Brain Injury Symptoms & Difficulties

Brain Injury Symptoms & Difficulties

Your child may experience a variety of symptoms or difficulties following a brain injury - it depends on the type of injury and how serious the injury is. Common symptoms include tiredness and changes in thinking, behaviour and emotion.

Key points to remember about symptoms and difficulties after brain injury

  • your child may experience a variety of symptoms or difficulties following a brain injury - it depends on the type of injury and how serious the injury is
  • if your child has a mild brain injury or concussion, they will usually get better in a short period of time
  • but, symptoms can last much longer if your child has a more serious brain injury

What symptoms or difficulties can my child with a brain injury experience?

Your child may experience a variety of symptoms or difficulties following a brain injury - it depends on:

  • the type of injury - a brain injury may occur due to an accident, such as a fall (which is called a traumatic brain injury) or due to an illness that affects the brain
  • how serious the brain injury is

What symptoms or difficulties can my child with a mild brain injury experience?

Most children who have a mild traumatic brain injury (also called a concussion) get better within 2 to 3 weeks although they can take a little longer. Symptoms you may notice include:

  • headache
  • tiredness
  • changes in sleeping patterns
  • some dizziness
  • being sensitive to light, noise or busy environments
  • being more grumpy or irritable or getting upset easily
  • taking longer to process information or respond to questions
  • finding it harder to concentrate on schoolwork or other activities

You can also check Caring for your child after their head injury (PDF, 2.64MB) for advice on:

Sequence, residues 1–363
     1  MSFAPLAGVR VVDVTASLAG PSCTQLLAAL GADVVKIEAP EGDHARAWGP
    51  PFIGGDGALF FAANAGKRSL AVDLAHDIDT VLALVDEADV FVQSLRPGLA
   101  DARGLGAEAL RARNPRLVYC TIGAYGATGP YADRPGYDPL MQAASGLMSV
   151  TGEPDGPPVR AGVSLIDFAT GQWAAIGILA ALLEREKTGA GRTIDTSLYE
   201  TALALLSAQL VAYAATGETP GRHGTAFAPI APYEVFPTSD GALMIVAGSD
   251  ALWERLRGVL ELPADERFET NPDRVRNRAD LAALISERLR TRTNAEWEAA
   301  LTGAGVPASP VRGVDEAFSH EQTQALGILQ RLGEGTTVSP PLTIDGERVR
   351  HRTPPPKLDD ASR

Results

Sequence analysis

Image of ACC resource - Caring for your child after their head injury

  • how to care for your child after a mild brain injury/concussion
  • warning signs to watch for
  • when to seek medical help
  • when to return to school, sport and other activities

Your doctor or hospital staff can also give you advice. If your child has more symptoms or their symptoms are taking a while to improve, they may need to see a concussion service funded by the Accident Compensation Corporation (ACC).

What symptoms or difficulties can my child with a more serious brain injury experience?

Children who have a more serious brain injury (whether through an accident or illness) can have longer-term problems. These can continue to affect them after they have left the hospital. Common long-term symptoms include tiredness (or fatigue) and changes in thinking, behaviour and emotion.

Tiredness (mental and physical)

  • needing more sleep at night and feeling sleepy in the daytime
  • running out of brain energy quickly while concentrating on schoolwork
  • getting tired more easily after physical activities

See Brain injury and mental fatigue on this website. 

Other physical symptoms

Other physical symptoms can include:

  • headaches
  • ongoing sensitivity to noisy or busy environments
  • problems with balance and coordination

Thinking difficulties

Children may have difficulties with their thinking (also called cognitive difficulties). These can include:

  • difficulty concentrating, staying focussed and taking in information to learn
  • difficulty holding things in memory
  • difficulties with planning and organisation

See:

Behavioural/emotional symptoms

Your child may experience behaviour and emotional changes, such as:

  • getting upset or angry more easily
  • behaving more impulsively
  • being restless or overactive
  • being easily distracted
  • having difficulty coping with change

The content on this page has been developed and approved by the Paediatric Rehabilitation Team and the Clinical Neuropsychology Team, Consult Liaison, Starship Child Health.

This page last reviewed 23 November 2019.
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